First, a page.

Fazlalizadeh first posted her drawings in Philadelphia and Brooklyn, but has since created a Kickstarter campaign to help fund a broader endeavor. She wants to travel to Baltimore, Boston, Atlanta, San Francisco, Miami, Kansas City, Los Angeles and Chicago to meet and draw women living in the rest of the country, using sites like Hollaback and StopStreetHarassment.org to help navigate the various communities.

Thus far she has primarily focused on the experience of women, but she's open to expanding the project to men who have encountered street harassment based on their gender or sexual orientation as well.

"As the work gained attention, I realized how many different types of people can relate to this and have stories to tell. I've had conversations with men at STWTS related events who wanted to talk about their experiences with street harassment," Fazlalizadeh recounted. "I know it happens, and it's important, and it's something I may take on in the future. Right now though, I want to focus on women -- of varying backgrounds -- to really tackle the ways in which our bodies are sexualized and mistreated in the public space."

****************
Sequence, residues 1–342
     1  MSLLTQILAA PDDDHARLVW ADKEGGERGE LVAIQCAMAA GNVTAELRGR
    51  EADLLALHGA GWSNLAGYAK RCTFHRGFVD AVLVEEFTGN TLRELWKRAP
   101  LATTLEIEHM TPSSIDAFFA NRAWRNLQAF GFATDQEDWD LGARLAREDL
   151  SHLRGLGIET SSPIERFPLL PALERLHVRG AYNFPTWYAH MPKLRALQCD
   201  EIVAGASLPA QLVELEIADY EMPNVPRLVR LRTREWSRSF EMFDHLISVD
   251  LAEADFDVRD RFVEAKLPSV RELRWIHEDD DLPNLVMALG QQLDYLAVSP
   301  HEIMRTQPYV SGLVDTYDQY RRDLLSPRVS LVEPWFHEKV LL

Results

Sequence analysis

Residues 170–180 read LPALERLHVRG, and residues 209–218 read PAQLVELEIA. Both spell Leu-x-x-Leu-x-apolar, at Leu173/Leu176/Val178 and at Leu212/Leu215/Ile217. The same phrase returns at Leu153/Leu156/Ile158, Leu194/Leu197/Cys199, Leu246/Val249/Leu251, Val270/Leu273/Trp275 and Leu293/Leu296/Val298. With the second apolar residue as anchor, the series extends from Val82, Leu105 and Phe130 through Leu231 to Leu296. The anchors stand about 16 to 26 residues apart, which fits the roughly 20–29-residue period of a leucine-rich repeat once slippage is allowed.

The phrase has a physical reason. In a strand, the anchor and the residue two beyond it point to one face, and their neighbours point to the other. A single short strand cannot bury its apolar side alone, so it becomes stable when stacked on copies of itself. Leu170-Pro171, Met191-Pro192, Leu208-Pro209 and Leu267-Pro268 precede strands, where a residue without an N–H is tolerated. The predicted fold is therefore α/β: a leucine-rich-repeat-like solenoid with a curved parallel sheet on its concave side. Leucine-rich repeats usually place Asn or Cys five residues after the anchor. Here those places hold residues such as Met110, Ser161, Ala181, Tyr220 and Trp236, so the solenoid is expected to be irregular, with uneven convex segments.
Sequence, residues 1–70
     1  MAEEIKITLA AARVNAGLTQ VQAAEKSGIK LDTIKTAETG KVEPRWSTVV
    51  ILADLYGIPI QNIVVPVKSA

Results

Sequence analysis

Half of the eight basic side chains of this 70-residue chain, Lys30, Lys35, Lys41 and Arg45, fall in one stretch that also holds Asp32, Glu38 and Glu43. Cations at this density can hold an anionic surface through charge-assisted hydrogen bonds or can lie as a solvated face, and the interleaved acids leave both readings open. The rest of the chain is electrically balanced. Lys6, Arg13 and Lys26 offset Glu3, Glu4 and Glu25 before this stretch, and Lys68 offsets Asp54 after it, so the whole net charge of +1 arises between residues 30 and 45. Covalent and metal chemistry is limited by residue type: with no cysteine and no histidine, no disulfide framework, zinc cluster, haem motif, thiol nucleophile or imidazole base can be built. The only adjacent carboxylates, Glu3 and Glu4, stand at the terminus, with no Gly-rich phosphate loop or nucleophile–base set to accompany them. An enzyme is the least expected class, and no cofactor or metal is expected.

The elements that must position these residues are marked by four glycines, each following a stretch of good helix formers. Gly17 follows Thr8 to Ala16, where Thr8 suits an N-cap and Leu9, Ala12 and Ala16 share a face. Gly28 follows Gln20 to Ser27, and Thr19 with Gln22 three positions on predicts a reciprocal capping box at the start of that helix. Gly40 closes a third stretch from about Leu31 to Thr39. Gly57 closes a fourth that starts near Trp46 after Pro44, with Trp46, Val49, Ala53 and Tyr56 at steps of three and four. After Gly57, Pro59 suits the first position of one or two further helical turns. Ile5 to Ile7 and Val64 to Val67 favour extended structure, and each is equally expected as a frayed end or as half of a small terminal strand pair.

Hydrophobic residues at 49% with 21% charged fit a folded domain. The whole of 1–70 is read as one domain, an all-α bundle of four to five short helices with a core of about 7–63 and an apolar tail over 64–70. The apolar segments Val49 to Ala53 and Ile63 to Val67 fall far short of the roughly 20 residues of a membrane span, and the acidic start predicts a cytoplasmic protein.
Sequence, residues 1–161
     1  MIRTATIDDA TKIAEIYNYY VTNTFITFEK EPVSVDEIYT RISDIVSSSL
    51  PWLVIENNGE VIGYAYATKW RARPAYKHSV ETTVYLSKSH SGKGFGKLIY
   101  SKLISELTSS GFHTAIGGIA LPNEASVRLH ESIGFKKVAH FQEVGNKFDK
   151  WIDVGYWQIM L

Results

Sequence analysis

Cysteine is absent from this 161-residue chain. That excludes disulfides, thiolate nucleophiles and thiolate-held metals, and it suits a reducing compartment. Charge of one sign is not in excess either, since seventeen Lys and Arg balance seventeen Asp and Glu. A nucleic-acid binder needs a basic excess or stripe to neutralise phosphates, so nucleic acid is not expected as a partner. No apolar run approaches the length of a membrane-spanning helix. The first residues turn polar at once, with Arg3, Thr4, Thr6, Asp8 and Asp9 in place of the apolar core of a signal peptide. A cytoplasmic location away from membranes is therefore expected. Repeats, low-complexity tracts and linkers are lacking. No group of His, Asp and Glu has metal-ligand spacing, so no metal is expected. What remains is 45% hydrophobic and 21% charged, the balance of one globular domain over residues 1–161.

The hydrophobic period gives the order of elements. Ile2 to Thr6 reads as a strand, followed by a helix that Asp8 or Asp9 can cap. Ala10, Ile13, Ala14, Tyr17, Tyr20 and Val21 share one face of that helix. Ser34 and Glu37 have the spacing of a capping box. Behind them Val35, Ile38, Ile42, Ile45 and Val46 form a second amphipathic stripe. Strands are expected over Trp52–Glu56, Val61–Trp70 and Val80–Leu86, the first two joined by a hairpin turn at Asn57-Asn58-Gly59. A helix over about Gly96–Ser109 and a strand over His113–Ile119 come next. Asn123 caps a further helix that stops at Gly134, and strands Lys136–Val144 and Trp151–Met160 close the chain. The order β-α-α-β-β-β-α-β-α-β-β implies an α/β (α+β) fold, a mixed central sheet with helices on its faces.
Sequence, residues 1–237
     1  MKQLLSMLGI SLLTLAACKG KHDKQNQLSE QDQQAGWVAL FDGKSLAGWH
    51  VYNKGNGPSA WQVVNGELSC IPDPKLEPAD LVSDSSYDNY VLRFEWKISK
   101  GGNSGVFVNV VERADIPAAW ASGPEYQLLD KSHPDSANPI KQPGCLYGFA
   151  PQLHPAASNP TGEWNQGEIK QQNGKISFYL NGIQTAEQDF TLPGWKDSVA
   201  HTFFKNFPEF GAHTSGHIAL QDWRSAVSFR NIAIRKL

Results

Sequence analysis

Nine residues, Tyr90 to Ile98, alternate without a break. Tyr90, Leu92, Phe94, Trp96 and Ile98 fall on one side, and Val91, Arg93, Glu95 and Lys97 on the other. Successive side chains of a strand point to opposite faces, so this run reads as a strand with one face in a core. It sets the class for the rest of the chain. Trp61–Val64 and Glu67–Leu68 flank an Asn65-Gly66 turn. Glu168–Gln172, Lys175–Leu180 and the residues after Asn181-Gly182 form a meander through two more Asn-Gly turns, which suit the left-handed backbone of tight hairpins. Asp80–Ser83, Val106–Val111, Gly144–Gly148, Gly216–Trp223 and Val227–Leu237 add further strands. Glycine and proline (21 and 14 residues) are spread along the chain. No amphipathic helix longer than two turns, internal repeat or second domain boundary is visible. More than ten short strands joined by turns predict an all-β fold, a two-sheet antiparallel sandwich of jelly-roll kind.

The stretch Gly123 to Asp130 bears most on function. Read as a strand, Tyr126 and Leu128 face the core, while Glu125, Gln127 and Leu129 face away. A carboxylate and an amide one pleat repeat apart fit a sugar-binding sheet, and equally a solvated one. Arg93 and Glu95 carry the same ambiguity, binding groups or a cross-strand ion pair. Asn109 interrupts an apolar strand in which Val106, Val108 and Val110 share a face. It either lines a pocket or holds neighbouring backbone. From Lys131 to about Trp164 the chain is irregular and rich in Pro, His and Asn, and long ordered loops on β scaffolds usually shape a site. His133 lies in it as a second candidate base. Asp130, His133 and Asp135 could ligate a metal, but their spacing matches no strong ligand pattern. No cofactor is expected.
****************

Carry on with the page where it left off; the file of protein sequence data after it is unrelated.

The STWTS Kickstarter campaign has 26 days to raise the $15,000 Fazlalizadeh seeks. According to the site, a portion of the funds will be allocated to working with a filmmaker to document the project.

As for those individuals who might not believe that gender-based street harassment is a problem, Fazlalizadeh had the following to say:

"There are always those who want to tell women that their experiences are not valid or not important whenever they speak up. For me, as a black woman, this is particularly true. Wanting the basic right of feeling comfortable and safe and not sexualized as I walk out of my house is very much worth prioritizing."

"There's also the point that gender-based street harassment easily lends itself to more conspicuous issues such as rape and domestic violence," she added. "It's a matter of control over women's bodies. And it's a serious issue to address."




Edited by femmefatale85 - Sep 12 2013 at 12:53am
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femmefatale85 View Drop Down